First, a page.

It will be useful now to turn to another triad of actions, shown in Figure 3. These actions would all be classified in English as “bows.” The stretch written for the T’ai Chi master occurs at the beginning of the short form of the exercise. The stretch written for the Catholic celebrant is inclinatio profunda sacerdote et ministris from the Dominican liturgy. The third stretch is a move made by the Red Knight in the ballet Checkmate. The very spaces in which these three agents manifest (or exteriorize) their long, complicated sequences of actions is not the same. The spaces in which these three agents operate are discrete spaces; in other words, there exists a conceptually organized spatial orientation (a “p-structure” 12)) that is paradigmatic to the empirically perceivable movements in each, and we must be explicit about this.
In Figure 3 it is critical that the Tai Chi master’s system of spatial referents is designated () (the spatial “key” sign), which tells us that it is a standard frame of referents, because the celebrant’s () is a fixed point frame, whilst the dancer’s is a constant frame of referents, i.e. () (see Durr and Farnell 1981 for a thorough explanation of these spatial constructs).
The canonical coordinate space of T’ai Chi Ch’uan is based on the fact that “[a]ll directions in this system whether they apply to the body instrument space or to the displacement space in which the body moves are given in terms of the directions of a compass . . . thus, () corresponds in original Chinese usage to the geographical directions of south = front (in front of), west = right (to the right of), north = behind (in back of) and east left (to the left of)” (Williams 1975: 112, vol. II).
There is a different arrangement of spatial elements in the Dominican rite, where the liturgical space is “embedded” in the geographical space and is orientated towards the high altar, such that the direction “east” (corresponding to the high altar) is a fixed focal point. “West” is opposite to the altar, and right and left correspond to the Gospel and Epistle sides of the altar, respectively (see Williams 1982 for a thorough discussion).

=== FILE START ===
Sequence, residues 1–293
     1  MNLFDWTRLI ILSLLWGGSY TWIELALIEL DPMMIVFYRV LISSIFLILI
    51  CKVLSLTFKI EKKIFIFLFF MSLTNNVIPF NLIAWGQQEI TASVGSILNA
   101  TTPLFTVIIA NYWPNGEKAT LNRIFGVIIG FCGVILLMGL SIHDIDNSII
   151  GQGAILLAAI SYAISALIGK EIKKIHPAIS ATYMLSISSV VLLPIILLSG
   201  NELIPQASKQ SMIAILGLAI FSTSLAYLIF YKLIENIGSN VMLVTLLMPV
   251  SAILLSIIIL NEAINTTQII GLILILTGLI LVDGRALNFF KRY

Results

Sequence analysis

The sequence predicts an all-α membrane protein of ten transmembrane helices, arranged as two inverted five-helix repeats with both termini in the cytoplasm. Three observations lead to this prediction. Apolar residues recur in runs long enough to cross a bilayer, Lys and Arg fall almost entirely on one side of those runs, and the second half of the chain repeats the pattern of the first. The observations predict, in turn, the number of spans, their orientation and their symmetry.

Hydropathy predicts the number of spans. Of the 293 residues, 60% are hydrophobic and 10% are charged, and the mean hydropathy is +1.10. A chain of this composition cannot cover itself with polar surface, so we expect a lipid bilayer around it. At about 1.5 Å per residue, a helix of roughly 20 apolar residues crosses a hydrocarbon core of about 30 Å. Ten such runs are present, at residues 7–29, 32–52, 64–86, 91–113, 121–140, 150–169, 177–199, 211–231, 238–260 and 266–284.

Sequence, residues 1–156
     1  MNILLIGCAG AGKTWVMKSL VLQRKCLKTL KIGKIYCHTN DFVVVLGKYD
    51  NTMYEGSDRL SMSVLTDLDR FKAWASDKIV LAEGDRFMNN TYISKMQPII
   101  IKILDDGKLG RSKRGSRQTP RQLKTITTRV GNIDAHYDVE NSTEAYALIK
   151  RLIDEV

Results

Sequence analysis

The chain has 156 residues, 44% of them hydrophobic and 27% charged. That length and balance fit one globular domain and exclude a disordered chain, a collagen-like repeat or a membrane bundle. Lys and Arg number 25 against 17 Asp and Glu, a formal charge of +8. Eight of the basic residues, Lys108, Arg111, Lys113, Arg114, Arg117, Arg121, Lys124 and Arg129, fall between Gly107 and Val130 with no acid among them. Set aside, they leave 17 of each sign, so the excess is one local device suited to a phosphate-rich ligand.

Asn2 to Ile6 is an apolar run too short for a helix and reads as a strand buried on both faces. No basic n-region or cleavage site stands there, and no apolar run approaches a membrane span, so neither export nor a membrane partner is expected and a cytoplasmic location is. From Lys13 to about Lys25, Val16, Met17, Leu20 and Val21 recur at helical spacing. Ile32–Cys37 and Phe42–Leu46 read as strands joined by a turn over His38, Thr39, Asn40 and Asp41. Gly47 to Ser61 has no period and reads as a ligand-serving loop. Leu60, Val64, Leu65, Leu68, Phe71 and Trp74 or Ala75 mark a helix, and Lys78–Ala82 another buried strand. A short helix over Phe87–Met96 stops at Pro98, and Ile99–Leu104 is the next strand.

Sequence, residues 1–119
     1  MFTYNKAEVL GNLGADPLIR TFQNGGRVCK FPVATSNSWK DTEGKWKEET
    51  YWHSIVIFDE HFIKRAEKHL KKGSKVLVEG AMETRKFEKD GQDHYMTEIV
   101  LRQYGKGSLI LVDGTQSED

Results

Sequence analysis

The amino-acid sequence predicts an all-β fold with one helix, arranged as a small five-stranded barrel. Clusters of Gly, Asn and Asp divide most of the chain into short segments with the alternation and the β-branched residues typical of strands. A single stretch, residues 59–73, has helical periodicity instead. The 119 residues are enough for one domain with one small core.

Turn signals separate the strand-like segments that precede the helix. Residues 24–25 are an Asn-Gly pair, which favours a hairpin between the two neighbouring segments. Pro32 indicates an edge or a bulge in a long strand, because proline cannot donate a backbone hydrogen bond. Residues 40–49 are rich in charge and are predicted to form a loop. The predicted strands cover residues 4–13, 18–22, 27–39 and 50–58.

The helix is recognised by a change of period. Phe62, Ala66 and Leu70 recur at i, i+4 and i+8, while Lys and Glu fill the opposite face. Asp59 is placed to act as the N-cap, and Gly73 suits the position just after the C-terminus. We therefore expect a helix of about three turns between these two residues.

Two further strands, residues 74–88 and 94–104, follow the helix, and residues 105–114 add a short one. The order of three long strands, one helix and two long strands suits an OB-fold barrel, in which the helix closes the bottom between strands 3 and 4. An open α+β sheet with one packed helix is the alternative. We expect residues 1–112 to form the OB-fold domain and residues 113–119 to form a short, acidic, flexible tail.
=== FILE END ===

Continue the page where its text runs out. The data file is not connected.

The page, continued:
The Dominican Mass is based on two axes of oppositions of front/back and right/left in the semantic space, in contrast to the Chinese system, which is based on a clockwise movement around the perimeter of the directions, as on a compass. The ballet dancer’s space is neither directly associated with the directions of the compass, nor is it based on an hierarchical set of directions: the canonical directional set in this case is determined by a schema that originated with the Maestro Cecchetti a little before the turn of the century (see Beaumont and Idzikowski 1940: 220) and has been used by ballet dancers since then, whether on stage or in classrooms.
Clearly, the semantic differences or similarities in the examples so far given relate to specific kinesemes of movement 13:: to the structures of the whole-body gestures or postures and their combinations. There are different kinds of problems involved in longer kinesemic stretches. For example, relations that may seem to involve the same movements but that convey different metaphorical or metonymic emphases, or whether the agent is acting or being acted upon, whether the referential features of the moves are personal or extrapersonal and so on. 14 Should there remain any doubts about the intricacies—or the crucial semantic characteristics—of spatial referents in human structured systems of actions, the reader is referred to Puri (1981b) for a discussion of polysemy and homonymy with reference to body language.
Ardener’s distinction between a “programme” and a syntagmatic stretch of manifest actions is surely apposite to the relation between the conceptual space(s) of agent(s) and their observable movements. From the evidence so far presented, it can be seen that the kinesemes of “bows” written in Figure 3 are not synonymous: they neither “paraphrase” one another, nor do they “have the same meanings” as do the pair of gestures in Figure 1. The difficulty is, of course, that, where we presuppose a real level of “language” with regard to speaking, we do not tend to presuppose a level of “language” or anything remotely resembling that with regard to dancing, signing, the martial arts, liturgies or the great variety of ordinary structured systems of non-vocalized meaning to be found in the world.